I expect that by now many who follow Facebook and other forms of social media may have seen the video of the little 2-year old boy, Kayden Kinckle, posted in July 2014 as he learned to walk on his new prosthetic legs. Most of us smiled and laughed as we watched Kayden figure out how to balance behind his pint-sized walker with a woman behind him encouraging him and making sure that he didn’t fall. She asks “You got it?” and he quickly replies repeatedly with each step he takes in a high-pitched toddler voice “I got it . . . I got it . . . I GOT it!”
As much as that video warmed my heart, I simultaneously was struck with the sad recognition that the sympathy and support that Kayden has is needed by so many kids but unfortunately is not available to them. All kids need a caring adult standing behind them, coaching them, making sure they don’t fall, or when they do helping them to get back up. But many don’t have one. And this isn’t just for toddlers, it is critical for all young people at least until they reach full development and are able to successfully manage life on their own.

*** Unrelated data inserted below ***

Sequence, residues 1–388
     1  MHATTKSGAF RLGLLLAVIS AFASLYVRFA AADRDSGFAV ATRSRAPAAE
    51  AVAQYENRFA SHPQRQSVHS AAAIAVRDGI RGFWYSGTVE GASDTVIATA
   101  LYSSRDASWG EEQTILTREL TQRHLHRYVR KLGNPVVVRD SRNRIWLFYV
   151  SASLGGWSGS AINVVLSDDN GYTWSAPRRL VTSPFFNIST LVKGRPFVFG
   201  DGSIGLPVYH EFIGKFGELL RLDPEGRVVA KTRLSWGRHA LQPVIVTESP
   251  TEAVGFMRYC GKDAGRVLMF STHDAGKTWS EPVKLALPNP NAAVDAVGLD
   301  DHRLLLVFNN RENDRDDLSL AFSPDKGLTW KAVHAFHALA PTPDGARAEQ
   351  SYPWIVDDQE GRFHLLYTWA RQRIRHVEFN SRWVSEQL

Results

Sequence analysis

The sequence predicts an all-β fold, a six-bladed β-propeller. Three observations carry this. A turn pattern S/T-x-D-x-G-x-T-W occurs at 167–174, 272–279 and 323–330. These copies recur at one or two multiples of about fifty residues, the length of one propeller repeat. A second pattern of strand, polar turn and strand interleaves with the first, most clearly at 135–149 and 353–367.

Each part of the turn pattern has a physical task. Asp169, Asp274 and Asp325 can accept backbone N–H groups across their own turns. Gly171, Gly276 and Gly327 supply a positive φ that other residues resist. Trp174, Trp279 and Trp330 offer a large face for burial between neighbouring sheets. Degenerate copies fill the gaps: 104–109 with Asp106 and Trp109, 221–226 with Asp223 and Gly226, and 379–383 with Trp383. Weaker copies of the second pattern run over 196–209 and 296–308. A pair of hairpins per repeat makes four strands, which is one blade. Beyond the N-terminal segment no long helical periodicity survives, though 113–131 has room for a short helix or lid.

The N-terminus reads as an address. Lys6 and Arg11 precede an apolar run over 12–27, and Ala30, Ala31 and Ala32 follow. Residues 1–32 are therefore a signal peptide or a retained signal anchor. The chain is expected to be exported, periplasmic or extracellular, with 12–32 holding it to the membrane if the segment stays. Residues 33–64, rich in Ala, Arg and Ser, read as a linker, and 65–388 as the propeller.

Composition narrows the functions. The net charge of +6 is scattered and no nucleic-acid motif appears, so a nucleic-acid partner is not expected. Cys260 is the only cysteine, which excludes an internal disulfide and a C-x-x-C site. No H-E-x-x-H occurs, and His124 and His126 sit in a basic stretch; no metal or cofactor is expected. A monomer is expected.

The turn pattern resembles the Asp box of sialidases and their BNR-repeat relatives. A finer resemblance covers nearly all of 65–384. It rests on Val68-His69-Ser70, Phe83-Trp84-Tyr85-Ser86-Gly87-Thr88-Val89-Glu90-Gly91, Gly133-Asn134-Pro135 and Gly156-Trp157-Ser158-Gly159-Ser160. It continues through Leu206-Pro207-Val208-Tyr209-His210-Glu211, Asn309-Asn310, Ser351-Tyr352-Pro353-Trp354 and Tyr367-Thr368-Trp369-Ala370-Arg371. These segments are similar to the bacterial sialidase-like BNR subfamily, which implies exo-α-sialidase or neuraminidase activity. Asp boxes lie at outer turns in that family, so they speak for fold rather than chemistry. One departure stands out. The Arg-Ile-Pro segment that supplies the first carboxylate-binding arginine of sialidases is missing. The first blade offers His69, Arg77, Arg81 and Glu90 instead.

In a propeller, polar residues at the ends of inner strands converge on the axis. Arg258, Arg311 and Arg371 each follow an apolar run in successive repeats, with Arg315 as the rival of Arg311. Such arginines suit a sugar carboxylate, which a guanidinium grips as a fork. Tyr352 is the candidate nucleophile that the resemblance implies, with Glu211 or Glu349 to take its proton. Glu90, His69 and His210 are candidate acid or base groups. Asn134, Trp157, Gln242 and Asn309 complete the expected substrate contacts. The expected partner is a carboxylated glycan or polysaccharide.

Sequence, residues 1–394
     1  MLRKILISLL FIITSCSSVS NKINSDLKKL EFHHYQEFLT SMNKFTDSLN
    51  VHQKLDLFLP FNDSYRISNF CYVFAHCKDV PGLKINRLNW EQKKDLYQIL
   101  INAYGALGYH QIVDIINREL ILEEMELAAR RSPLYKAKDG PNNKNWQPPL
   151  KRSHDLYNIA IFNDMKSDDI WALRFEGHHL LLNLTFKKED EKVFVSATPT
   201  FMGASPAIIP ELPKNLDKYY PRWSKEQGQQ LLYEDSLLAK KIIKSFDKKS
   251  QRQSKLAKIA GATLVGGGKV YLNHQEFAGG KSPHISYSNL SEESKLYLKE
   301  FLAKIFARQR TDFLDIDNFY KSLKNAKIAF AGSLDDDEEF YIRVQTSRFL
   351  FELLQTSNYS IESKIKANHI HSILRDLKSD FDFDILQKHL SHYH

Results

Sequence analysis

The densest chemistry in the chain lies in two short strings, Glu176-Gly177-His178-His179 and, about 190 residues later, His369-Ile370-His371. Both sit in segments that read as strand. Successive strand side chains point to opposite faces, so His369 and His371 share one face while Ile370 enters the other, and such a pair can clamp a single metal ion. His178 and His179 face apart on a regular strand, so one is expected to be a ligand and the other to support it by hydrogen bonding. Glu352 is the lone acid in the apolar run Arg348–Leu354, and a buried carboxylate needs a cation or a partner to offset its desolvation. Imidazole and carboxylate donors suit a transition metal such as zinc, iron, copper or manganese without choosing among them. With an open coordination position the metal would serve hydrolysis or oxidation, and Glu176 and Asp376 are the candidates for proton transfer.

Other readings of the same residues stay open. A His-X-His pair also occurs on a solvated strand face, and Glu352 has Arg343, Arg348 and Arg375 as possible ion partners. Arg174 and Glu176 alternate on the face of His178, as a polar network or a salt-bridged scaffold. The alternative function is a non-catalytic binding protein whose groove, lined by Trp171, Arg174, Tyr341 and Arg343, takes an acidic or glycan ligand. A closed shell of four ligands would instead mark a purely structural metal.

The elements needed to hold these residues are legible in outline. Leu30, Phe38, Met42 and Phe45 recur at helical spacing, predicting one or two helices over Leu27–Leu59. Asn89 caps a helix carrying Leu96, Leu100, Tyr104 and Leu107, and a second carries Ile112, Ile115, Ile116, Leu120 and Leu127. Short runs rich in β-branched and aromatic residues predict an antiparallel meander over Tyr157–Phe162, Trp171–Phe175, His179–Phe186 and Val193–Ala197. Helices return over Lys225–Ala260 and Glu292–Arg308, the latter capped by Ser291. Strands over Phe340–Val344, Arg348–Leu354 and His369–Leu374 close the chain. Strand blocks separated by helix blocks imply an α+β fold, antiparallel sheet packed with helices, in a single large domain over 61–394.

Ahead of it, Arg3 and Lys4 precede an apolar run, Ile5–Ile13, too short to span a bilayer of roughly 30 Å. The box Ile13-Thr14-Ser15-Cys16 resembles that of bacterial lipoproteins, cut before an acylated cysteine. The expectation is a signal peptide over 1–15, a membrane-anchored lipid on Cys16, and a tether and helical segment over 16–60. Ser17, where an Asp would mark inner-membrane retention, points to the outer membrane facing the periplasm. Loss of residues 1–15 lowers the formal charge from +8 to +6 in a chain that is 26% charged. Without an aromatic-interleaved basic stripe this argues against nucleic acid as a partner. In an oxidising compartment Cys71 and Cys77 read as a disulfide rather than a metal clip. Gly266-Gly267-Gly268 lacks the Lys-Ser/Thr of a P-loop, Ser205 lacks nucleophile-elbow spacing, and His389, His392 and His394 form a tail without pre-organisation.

Kayden is lucky to have a caring, nurturing and responsible adult standing behind him to meet his needs and who is cheering him on. But the reality is that many kids, especially those who end up in court, are not this fortunate. When kids show up in family or juvenile court, whether due to abuse or neglect committed against them by a caretaker, or because they have misbehaved, they in many ways are similar to Kayden. You may not see the physical impact of their circumstances, but they are often recovering from non-visible emotional scars and similarly are in need of love, support and coaching.
It is easy to have compassion for little Kayden, and even root for him to succeed, but we need similar empathy for system-involved kids, even when they are acting out inappropriately in response to unknown and unseen trauma. Rather than judge and punish based solely on their negative behavior, we should view them as having a hurdle that needs to be better appreciated and then addressed. Our response to court-involved youth should be similar to our reaction to Kayden – we should try to understand their hurt and then help them to overcome any challenges so that they too can smile and rejoice “I got it!”
Tanya Washington is a social justice advocate who seeks better outcomes for vulnerable youth/ Join the discussion at justicecorner.com
Follow Tanya on Twitter: @twashesq